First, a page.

What happened to the fiscal stimulus multiplier?

Arnold Kling makes an important contribution to the debate about fiscal stimulus and double dip recessions which was also pointed out to me in the comments of my recent double dip post:

Paul Krugman provides an analysis showing arithmetically that the fiscal stimulus will have a declining contribution to GDP growth, even as stimulus spending increases.

What is interesting to me about this analysis is that the concept of a multiplier has completely disappeared. If you believe in a multiplier, then as far as stimulus goes, the sooner the better. The more you spend this quarter, the more people are employed this quarter, the more they spend next quarter, and so on. If you do not believe in a multiplier, then any time you slow the rate of government spending growth you slow the rate of overall GDP growth.

If there is no multiplier, and we follow the Krugman logic, then we have no choice but to keep increasing government spending until…what point? when it is 100 percent of GDP?

On the other hand, if there is no multiplier, then I think we should question the whole concept of stimulus. With no multiplier, its benefits are almost entirely transitory and artificial.

I wouldn’t call the benefits of fiscal stimulus artificial except to the degree it is used to re-create an unsustainable status quo ante as it has been by Team Obama.  And the multiplier is there, it just isn’t powerful enough to overcome the extreme levels of malinvestment and over-indebtedness in merely one year.  This is not a one-and-you’re-done cycle.  We are looking at a decade-long process – longer if we continue to bail out companies that have failed.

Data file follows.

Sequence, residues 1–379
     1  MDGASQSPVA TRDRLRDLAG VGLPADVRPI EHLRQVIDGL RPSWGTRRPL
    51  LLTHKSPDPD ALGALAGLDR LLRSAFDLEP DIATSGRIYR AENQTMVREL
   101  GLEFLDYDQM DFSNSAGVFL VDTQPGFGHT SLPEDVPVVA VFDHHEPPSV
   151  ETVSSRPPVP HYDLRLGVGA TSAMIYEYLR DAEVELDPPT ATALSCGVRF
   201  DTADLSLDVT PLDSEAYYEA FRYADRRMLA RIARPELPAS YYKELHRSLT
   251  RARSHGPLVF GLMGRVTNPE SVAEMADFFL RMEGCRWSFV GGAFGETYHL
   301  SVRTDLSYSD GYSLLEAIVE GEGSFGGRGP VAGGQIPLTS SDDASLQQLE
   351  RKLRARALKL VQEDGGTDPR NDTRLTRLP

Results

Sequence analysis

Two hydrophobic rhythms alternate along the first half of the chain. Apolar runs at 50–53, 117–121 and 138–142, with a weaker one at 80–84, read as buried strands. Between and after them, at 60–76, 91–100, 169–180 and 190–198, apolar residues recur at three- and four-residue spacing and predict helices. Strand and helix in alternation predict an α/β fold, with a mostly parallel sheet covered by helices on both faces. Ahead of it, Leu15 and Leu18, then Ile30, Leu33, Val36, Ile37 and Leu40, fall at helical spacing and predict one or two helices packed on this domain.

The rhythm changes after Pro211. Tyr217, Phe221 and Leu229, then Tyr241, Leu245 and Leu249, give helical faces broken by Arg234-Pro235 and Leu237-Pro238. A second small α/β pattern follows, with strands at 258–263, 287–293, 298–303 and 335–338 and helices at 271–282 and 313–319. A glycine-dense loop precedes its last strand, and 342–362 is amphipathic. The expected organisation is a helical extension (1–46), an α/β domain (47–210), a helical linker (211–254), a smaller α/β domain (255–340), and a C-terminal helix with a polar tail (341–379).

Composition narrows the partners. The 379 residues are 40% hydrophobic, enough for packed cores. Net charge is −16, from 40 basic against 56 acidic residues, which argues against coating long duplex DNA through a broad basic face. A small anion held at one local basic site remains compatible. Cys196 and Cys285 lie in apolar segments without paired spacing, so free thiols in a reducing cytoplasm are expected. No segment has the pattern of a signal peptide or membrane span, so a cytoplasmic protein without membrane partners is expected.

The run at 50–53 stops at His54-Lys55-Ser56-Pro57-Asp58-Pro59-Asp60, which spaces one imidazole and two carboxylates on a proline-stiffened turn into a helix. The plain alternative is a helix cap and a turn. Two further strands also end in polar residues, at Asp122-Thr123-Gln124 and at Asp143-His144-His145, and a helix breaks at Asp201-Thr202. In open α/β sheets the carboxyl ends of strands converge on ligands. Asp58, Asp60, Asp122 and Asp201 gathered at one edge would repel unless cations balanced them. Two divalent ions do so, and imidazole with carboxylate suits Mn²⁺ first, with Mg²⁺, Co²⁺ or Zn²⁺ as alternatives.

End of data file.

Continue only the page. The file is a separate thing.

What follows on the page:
Team Obama is taking victory laps right now, but I suspect they will change their tune come mid-2010 – and it will be because of the debt and overcapacity not because fiscal policy multipliers didn’t exist.

  1. Kirk Kinder says


    I totally agree with you that the stimulus will be ineffective compared to the malinvestment in the economy, and it will take a few years to work through this. However, I really don’t believe stimulus spending is useful over the long term. There is no multiplier since the money has to be taken from the private sector eventually from taxes (even if it is initially borrowed). Second, the government does not allocate the capital as well as the private sector due to inefficiencies in government agencies and the favoritism given to the industries with the best lobbying efforts. At best, the government pulls future demand forward, but that guarantees a future swoon.

  2. Matt Stiles says

    The only thing that multiplies from fiscal spending is debt.

Comments are closed.

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